One of the requests we have been getting lately from some of our readers has been to provide more simple and easy to understand photography techniques. So far this year we have covered a lot of complex topics that are for more advanced users, thanks to such new fine tools as the Nikon D800. So for the remainder of the year, we decided to focus on photography basics again, covering simple and basic techniques and tips for beginners. In this article, I will go over the focus and recompose technique, which can be quite useful when photographing in various environments – whether shooting in low-light situations, or composing your shots with the subject in the corner of the frame. I personally use this technique quite a bit in event photography and it saved me a number of times when the light conditions were extremely poor and my camera could not properly focus.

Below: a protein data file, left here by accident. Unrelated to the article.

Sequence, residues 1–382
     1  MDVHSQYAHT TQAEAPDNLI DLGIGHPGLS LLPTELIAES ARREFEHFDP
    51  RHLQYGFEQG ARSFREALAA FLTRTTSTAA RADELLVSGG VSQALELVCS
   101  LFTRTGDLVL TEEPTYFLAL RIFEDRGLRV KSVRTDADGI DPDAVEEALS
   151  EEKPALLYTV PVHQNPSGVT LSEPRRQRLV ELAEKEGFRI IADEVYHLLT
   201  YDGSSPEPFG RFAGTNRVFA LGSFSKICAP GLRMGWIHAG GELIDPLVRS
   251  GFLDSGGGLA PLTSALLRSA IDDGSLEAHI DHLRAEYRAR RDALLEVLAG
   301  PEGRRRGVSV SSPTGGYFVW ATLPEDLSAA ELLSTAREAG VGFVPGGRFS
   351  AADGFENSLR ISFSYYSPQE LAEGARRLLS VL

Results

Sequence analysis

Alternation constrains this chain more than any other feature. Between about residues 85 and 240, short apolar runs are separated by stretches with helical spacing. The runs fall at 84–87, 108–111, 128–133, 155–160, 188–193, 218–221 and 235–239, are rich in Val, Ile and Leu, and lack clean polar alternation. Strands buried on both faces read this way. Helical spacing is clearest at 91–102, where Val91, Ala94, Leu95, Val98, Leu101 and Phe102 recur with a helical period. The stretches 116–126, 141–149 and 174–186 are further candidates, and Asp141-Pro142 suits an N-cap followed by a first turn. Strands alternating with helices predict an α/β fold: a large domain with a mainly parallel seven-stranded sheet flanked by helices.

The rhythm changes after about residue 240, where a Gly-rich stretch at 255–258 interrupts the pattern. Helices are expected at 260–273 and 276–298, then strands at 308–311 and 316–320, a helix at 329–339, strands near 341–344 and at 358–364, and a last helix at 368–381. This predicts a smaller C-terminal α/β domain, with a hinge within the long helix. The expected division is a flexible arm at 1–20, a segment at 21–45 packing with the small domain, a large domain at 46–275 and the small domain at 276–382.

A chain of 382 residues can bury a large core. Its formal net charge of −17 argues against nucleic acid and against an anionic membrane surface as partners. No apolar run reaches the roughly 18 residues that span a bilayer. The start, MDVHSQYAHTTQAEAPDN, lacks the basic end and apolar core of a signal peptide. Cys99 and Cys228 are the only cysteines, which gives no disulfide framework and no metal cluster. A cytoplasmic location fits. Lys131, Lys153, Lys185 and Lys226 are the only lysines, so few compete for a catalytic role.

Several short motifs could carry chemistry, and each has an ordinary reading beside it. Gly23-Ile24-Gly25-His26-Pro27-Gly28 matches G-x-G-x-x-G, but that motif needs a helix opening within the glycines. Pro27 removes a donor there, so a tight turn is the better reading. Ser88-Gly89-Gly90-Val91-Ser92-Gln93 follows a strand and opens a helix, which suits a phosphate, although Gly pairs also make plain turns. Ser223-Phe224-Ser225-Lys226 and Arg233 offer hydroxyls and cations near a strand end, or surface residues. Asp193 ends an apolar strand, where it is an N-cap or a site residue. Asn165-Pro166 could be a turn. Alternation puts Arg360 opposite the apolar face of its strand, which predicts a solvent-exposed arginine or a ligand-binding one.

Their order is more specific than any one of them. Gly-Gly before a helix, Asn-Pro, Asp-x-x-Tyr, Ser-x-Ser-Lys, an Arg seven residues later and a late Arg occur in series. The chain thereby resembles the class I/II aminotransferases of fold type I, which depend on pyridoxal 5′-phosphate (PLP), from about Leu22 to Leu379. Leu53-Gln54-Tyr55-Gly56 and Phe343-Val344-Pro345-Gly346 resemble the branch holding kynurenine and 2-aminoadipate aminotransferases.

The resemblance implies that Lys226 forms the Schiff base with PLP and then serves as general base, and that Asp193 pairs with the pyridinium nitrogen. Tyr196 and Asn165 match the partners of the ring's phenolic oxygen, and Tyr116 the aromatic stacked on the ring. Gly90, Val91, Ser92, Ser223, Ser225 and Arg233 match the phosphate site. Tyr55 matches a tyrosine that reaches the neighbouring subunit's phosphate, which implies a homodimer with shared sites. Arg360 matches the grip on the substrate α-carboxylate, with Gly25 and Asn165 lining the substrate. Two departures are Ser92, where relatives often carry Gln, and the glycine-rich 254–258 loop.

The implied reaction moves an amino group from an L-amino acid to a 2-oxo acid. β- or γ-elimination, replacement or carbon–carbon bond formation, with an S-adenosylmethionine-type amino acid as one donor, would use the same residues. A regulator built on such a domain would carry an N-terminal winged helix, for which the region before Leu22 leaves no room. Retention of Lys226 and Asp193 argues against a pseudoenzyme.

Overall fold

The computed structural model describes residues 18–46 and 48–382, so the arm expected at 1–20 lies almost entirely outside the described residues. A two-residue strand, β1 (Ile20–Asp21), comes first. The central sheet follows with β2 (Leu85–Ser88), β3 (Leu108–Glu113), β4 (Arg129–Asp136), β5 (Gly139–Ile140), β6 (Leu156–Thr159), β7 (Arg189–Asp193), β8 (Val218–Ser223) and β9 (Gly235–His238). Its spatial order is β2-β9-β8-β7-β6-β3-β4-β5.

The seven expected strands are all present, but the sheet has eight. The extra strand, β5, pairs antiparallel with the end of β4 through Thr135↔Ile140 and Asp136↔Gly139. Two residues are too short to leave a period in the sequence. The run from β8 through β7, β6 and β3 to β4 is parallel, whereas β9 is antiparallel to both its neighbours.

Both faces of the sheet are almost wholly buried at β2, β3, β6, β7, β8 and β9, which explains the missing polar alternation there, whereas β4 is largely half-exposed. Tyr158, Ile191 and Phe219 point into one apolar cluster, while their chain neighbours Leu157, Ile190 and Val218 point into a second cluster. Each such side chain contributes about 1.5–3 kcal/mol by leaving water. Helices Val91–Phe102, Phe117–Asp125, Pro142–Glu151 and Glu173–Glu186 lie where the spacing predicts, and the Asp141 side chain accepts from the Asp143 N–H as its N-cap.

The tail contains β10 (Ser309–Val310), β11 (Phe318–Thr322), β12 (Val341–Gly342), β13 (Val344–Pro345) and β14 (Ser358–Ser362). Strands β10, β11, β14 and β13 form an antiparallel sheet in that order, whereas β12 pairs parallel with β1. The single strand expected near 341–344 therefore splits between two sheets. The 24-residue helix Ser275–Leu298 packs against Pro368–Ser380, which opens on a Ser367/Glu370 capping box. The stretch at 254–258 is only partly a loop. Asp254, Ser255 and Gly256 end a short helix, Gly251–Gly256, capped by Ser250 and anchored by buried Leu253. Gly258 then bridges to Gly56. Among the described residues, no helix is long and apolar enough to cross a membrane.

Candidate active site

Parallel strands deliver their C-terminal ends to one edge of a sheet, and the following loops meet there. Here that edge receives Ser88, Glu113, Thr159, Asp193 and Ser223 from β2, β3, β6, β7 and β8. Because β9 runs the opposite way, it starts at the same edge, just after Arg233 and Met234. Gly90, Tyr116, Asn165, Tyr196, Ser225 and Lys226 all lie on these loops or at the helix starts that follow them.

1) What Recomposing Means
Before I talk about this technique, let me first explain what the word “recompose” stands for in photography. When you take a picture, you carefully frame your shot and place your subject somewhere in the frame before you take a picture. In other words, you compose the shot. Recomposing simply means framing your shot first (for example to acquire focus), then moving your camera to re-position your subject somewhere else in the frame.